Bill McDonough rightly points out that bottles can (sometimes) be made into more bottles, or into fleece and carpet. But then what, Bill? Plastics recycling is by and large a so-called “open loop” system. Plastics get about one more use before going to the landfill or incinerator. The plain fact is that most plastic doesn’t ever get recycled. And worse yet, far too much gets into the environment, where it will never go away. We have scarcely begun to acknowledge this, let alone deal with the ramifications (see video below).
The most appalling thing about the Nestle video is the way it suggests that, hey, maybe consumers should consider recycling their plastic water bottles. Why do we find this so infuriating? It’s because the most effective means of getting PET bottles recycled–if that’s the goal– is to require refundable bottle deposits. Significant deposits, like the 10 cents per bottle currently being considered nationally in Australia. Yet Nestle, Coke and Pepsi, the big three water bottlers, staunchly oppose bottle deposit legislation.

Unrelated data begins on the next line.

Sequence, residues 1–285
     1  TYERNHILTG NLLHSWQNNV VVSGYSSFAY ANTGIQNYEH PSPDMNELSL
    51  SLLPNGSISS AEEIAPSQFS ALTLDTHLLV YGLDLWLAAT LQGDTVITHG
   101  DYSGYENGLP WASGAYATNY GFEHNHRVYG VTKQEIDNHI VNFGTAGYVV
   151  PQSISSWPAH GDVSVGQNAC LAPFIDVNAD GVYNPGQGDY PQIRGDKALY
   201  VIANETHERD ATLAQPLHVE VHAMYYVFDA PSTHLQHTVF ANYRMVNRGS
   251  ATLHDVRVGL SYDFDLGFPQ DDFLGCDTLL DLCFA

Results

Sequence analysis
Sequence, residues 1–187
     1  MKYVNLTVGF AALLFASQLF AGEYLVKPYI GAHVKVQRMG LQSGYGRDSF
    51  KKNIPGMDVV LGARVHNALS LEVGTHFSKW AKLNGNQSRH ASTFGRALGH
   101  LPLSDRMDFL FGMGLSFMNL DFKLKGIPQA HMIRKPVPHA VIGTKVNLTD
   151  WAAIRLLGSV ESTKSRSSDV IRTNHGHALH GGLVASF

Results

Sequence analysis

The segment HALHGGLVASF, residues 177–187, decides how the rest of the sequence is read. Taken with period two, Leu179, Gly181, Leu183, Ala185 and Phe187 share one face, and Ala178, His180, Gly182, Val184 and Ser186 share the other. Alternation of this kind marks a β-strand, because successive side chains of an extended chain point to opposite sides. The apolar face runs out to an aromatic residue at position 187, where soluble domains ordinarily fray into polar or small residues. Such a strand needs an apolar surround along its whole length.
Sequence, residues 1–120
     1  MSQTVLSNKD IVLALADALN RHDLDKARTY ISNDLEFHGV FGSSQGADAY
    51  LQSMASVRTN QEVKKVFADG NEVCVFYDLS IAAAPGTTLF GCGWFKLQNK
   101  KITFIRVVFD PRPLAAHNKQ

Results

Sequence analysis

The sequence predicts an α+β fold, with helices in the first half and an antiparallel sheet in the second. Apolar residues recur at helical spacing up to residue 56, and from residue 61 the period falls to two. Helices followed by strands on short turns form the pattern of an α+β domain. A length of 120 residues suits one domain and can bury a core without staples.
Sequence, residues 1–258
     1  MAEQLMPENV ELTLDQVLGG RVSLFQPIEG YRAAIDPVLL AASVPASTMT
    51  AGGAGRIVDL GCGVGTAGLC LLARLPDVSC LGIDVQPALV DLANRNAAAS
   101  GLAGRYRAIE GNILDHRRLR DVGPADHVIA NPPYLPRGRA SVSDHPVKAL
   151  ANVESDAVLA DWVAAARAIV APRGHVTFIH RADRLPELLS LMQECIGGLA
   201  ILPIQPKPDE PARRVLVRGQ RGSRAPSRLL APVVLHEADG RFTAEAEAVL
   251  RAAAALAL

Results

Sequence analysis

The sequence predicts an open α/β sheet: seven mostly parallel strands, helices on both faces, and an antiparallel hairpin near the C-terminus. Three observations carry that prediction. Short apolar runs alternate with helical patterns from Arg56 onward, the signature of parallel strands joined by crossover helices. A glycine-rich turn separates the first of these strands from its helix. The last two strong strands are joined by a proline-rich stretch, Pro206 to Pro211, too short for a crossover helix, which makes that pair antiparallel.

Just this year, the state of Massachusetts planned to update its 30-year-old bottle deposit law. The legislation was wildly popular, with a poll indicating 77% of the public agreed that water bottles, juice bottles and sports drink bottles should all be added to the existing deposit law. But in early July, at around the time Nestle released their “Endless Possibilities” video, lobbyists for Nestle, Coke, Pepsi, Ocean Spray and Polar Beverages of New England were actively pressuring legislators to reject the updated bottle bill for Massachusetts, claiming that it would decrease their profits. And they were successful.
Where Nestle and Bill McDonough see endless possibilities, we see endless and intolerable liabilities for people and the planet.